You can start Firefox with the newly created profile directly from the profile manager. It is however not that comfortable to launch the profile manager every time you want to start the second Firefox profile. Here is what you can do to circumvent this.
Create a new Firefox shortcut. Windows users can open the Firefox installation directory in Windows Explorer (C:\Program Files (x86)\Mozilla Firefox\), right-click firefox.exe and select the create shortcut option from the context menu. The shortcut is either placed in the same directory or on newer versions of Windows on the desktop.
Right-click the shortcut and select Properties. Locate the Target line and add the following parameter to it at the end: -P profilename
Replace profilename with the name of the profile. If you are not sure how it is named open the Profile Manager again and take a look.
Click ok to apply the changes. I suggest you rename the shortcut as well to avoid confusion. If you have done everything correctly you should be able to launch a second instance of Firefox on your computer.
This method has the same disadvantage as the portable version environment. Everything that you do remains, which may lead to unrecoverable issues.
You can in theory delete the profile and create a new one, and that would take care of all modifications, but that is probably not the most effective option either.
Virtual Machines, Sandbox
Virtual machines or sandboxing is the third option. This is usually more complicated to setup but has the advantage that changes are only temporary. You can use free programs like VMWare, Microsoft's Virtual PC or the excellent Sandboxie.
You could use a Firefox browser appliance for VMware. Please note though that you need to update the browser as it uses an old version of Firefox (Firefox 8 at the time of writing).
To use it, you first need to install VMware on your computer. To run the browser application do the following:
In the VMware Player dialog box, browse for Virtual Machine Configuration File, browse to the directory where you installed the Browser Appliance, select the file Browser-Appliance.vmx, and click Open.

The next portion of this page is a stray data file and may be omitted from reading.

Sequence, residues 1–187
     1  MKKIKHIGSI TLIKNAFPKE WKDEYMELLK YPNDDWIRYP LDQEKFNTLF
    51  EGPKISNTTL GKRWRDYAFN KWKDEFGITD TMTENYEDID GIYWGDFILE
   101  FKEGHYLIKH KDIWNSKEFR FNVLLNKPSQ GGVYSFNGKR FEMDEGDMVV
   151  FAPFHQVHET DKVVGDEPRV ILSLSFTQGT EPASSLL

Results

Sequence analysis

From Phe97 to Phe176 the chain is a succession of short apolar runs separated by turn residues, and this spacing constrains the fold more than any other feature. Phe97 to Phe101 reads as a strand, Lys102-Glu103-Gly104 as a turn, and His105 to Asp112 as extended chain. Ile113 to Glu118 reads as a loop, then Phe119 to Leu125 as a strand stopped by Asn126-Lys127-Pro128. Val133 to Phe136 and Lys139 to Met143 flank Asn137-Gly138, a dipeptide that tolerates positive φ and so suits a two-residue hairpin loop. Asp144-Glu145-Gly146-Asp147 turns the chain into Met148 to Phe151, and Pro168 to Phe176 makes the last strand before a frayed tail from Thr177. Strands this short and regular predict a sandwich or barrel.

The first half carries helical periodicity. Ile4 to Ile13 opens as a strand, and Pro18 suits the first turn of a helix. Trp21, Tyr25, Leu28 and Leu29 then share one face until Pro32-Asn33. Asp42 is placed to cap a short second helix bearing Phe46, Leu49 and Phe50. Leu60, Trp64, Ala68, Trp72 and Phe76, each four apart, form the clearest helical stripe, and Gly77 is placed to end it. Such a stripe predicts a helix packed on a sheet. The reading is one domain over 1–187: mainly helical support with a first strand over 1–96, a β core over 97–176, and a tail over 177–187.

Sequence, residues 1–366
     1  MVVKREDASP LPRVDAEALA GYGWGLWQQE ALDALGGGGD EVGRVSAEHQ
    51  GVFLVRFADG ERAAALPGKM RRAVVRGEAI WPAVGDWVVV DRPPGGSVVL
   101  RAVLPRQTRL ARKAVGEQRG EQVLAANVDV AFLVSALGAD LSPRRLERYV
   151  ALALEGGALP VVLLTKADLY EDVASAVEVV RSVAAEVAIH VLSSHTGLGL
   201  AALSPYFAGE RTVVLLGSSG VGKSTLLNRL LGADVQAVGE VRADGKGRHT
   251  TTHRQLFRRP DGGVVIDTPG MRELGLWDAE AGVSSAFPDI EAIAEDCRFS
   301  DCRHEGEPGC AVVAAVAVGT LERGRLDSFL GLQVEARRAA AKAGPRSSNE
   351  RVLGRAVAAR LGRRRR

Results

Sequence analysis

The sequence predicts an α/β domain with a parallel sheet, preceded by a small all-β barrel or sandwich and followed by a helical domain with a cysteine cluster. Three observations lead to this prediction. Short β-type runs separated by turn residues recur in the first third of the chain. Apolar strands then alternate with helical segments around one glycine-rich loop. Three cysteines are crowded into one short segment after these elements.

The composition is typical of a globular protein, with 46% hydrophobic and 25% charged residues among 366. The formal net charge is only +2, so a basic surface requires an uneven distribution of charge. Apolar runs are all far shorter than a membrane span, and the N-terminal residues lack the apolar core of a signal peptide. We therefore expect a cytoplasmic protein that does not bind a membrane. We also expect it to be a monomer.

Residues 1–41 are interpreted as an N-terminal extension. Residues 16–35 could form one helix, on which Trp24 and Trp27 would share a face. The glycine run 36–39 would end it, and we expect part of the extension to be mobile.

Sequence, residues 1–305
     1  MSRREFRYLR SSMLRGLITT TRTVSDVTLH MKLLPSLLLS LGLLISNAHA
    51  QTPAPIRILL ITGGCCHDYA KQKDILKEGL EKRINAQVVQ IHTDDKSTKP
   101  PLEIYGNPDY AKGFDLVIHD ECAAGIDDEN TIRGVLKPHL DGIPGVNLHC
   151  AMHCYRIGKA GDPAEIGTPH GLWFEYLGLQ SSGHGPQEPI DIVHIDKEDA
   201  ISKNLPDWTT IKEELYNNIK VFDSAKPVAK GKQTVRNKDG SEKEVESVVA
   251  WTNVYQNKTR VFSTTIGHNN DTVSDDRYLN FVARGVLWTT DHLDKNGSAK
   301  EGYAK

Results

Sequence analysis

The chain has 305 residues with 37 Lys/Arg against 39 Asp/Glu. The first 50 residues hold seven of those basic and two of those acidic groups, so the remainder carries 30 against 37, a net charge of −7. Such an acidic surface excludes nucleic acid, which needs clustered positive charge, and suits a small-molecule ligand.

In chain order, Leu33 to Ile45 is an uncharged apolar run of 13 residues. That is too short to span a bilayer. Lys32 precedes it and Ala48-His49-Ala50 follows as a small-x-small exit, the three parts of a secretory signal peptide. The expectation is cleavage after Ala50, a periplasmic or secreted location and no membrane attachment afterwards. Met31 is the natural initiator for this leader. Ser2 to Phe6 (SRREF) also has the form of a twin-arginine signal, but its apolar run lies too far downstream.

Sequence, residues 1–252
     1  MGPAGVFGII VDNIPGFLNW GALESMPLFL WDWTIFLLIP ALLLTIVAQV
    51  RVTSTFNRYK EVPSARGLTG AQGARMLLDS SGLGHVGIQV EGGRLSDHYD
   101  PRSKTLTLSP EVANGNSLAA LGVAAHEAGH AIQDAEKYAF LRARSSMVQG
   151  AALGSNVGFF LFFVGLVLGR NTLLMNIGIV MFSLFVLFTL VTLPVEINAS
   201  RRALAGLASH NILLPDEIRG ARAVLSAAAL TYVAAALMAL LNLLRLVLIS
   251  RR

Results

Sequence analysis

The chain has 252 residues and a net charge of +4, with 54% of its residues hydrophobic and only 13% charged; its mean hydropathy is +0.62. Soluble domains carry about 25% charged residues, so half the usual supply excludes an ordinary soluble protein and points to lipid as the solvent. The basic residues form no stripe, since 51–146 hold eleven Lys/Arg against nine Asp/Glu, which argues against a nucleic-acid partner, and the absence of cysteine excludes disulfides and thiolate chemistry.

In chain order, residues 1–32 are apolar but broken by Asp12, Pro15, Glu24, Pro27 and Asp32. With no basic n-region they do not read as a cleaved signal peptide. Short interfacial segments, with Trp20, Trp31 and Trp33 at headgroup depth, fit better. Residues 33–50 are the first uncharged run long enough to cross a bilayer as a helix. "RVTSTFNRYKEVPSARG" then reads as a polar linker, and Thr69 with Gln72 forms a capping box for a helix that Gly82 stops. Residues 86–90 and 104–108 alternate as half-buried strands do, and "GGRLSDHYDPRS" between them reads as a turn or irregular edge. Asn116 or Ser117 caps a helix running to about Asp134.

Users who test a lot benefit from setting up a test environments. This opens up lots of possibilities. You could run a cutting edge test environment, e.g. with the latest nightly versions of the browser to test your web pages and applications against it, or the same version as your standard profile is using.
Are you making use of different profiles in the browser? And if you are, for what purpose? Let me know in the comments.
Advertising revenue is falling fast across the Internet, and independently-run sites like Ghacks are hit hardest by it. The advertising model in its current form is coming to an end, and we have to find other ways to continue operating this site.
We are committed to keeping our content free and independent, which means no paywalls, no sponsored posts, no annoying ad formats or subscription fees.
If you like our content, and would like to help, please consider making a contribution:
Ghacks is a technology news blog that was founded in 2005 by Martin Brinkmann. It has since then become one of the most popular tech news sites on the Internet with five authors and regular contributions from freelance writers.